dance in the style of open embrace, softly, slowly and seductively. As the music sinuously builds in volume and energy, more instruments embrace the themes, enticing the lovers to dance in close embrace before driving to the ecstatic, frenetic ending.
The GATEWAY FESTIVAL SYMPHONY, commissioned by the Gateway Festival Orchestra for their 50th Jubilee Anniversary in 2013, is written for and dedicated to Dr. James Richards and the Gateway Festival Orchestra. It was premiered on July 7, 2013. Confluencity depicts the confluence of the Missouri and Mississippi rivers with the ebb and flow of two rivers playing and colliding, producing turbulence in early spring with melting snows and winds that whip the waters into a dangerous, dramatic frenzy. Other themes portray the waters as calm, with sparkling serenity. The themes interact, alternate and fuse before coming to the affirmation that the rivers will always be a life source. Sunset: St. Louis is inspired by the St. Louisan Sara Teasdale and her poem, Sunset: Saint Louis. The themes reflect the structure and majesty of the city’s natural and historic monuments coupled with the city’s myriad cultural influences. The movement begins with the slow languidness of the hot St. Louis summers. A slow tango intertwines with a rippling water theme. After Forever begins with a dramatic trumpet call-to-arms, reminding us of the struggle that Dred and Harriet Scott waged to win their independence; the struggle that helped catapult the United States into the Civil War. Of all the states, Missouri ranks third in recorded battles and engagements, not taking into account unrecorded guerilla warfare, which defined so much of the state’s involvement. The movement reflects the pivotal role Missouri played in the Civil War, and the lasting, enduring strength of its people.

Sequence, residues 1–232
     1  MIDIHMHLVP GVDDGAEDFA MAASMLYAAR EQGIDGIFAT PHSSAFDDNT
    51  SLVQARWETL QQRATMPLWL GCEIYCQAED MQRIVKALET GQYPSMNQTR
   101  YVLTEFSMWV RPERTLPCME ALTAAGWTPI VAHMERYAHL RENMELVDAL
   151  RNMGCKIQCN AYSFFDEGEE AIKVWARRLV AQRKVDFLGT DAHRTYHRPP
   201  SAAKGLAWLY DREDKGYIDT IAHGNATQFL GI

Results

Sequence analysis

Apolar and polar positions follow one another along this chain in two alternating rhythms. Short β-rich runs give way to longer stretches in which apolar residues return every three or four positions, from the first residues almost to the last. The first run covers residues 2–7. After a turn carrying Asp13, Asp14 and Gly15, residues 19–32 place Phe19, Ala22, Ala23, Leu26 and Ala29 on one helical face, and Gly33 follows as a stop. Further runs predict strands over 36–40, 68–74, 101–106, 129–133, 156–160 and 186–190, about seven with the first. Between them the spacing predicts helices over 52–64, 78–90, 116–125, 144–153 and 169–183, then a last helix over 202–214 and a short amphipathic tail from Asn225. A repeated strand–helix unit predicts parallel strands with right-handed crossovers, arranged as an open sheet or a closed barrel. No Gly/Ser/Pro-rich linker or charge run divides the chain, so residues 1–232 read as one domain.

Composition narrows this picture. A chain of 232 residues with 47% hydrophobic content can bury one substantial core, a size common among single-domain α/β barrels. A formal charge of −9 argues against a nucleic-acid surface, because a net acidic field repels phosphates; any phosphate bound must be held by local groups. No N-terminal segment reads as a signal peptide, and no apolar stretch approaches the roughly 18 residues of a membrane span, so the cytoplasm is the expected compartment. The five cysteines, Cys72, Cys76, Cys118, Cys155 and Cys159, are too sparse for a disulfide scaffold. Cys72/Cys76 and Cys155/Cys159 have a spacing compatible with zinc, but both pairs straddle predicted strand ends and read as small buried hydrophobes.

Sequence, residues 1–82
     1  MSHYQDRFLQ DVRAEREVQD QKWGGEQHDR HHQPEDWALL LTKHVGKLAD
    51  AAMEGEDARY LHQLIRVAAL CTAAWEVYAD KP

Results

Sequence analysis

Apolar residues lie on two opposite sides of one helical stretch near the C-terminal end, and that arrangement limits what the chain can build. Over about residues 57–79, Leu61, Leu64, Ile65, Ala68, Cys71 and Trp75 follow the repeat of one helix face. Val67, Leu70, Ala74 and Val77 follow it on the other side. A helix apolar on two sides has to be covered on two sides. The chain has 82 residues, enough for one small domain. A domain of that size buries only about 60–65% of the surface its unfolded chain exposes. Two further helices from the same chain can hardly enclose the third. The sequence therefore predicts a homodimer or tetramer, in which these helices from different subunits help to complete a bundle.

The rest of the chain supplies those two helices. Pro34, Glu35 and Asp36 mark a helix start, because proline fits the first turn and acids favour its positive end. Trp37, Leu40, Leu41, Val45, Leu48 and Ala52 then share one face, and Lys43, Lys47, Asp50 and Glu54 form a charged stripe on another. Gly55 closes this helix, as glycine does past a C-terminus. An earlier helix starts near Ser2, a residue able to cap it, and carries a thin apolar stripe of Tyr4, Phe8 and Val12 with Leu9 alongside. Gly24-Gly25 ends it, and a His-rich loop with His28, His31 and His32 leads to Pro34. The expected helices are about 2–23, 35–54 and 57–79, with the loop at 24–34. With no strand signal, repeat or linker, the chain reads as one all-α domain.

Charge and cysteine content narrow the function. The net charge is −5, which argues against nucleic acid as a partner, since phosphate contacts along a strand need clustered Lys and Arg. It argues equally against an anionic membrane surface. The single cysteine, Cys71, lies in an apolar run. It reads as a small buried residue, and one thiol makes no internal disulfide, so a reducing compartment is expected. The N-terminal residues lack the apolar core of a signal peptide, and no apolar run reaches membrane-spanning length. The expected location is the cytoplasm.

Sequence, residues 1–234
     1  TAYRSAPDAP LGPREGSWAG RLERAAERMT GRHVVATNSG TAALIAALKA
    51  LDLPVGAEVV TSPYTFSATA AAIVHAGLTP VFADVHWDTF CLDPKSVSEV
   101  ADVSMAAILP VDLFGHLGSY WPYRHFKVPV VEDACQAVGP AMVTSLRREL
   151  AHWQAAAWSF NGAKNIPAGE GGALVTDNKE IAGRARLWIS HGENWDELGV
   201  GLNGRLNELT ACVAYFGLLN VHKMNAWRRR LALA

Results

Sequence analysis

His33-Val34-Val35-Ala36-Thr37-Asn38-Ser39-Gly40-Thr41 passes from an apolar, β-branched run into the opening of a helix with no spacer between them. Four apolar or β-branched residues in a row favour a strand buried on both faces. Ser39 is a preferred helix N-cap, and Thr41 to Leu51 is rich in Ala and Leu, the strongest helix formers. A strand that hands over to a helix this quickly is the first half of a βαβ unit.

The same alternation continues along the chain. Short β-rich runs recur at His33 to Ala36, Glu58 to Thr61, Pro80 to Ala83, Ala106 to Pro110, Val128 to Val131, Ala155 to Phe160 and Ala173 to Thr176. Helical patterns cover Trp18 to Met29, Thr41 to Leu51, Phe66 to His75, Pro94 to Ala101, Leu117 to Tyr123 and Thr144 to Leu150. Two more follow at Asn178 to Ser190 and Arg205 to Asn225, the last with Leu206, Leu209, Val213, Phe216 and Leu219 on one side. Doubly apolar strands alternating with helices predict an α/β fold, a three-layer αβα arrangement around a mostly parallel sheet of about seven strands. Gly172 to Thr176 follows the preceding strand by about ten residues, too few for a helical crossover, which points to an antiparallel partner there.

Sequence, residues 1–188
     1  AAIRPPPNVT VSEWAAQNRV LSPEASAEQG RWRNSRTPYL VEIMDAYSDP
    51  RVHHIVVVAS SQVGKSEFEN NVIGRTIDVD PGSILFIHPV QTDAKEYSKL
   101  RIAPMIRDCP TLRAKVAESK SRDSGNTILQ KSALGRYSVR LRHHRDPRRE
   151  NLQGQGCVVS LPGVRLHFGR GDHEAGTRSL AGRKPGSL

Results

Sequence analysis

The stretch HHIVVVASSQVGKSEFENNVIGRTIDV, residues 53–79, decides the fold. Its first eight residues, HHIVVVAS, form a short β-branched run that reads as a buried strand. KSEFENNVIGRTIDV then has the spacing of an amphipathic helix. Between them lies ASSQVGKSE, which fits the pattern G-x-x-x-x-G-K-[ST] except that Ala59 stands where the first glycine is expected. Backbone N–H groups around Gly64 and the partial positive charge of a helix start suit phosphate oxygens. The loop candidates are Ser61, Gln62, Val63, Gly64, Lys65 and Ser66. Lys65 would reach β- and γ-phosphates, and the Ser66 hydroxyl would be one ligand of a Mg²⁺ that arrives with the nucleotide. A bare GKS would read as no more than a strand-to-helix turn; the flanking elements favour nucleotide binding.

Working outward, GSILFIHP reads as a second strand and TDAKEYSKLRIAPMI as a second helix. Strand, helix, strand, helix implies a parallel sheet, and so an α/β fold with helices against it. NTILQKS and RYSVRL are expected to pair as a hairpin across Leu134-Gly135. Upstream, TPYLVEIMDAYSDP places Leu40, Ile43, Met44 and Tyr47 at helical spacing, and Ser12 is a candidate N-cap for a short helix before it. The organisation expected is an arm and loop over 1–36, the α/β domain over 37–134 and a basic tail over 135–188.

A STATE DIVIDED – A MISSOURI SYMPHONY was commissioned by the department of music at the University of Missouri-St. Louis. It was premiered on October 23, 2012, at the Missouri History Museum in St. Louis. The Missouri Symphony contributes to the historiography of Missouri through music, and was inspired by the State’s entrance into the Civil War in 1862. The impetus for the Symphony was the 150th anniversary of the event in 2012. The composition is a continuation of Barbara Harbach’s music based on St. Louis and Missouri landmarks. Each of the three movements represents a major chapter in the history of Missouri’s involvement in the Civil War
Missouri Compromise – a slave state (1820) Missouri was initially settled by slave-holding Southerners coming up the Mississippi and Missouri rivers. Missouri entered the Union in 1821 as a slave state following the Missouri Compromise of 1820 in which it was agreed that no state north of Missouri’s southern border with Arkansas could enter the Union as a slave state. Maine entered the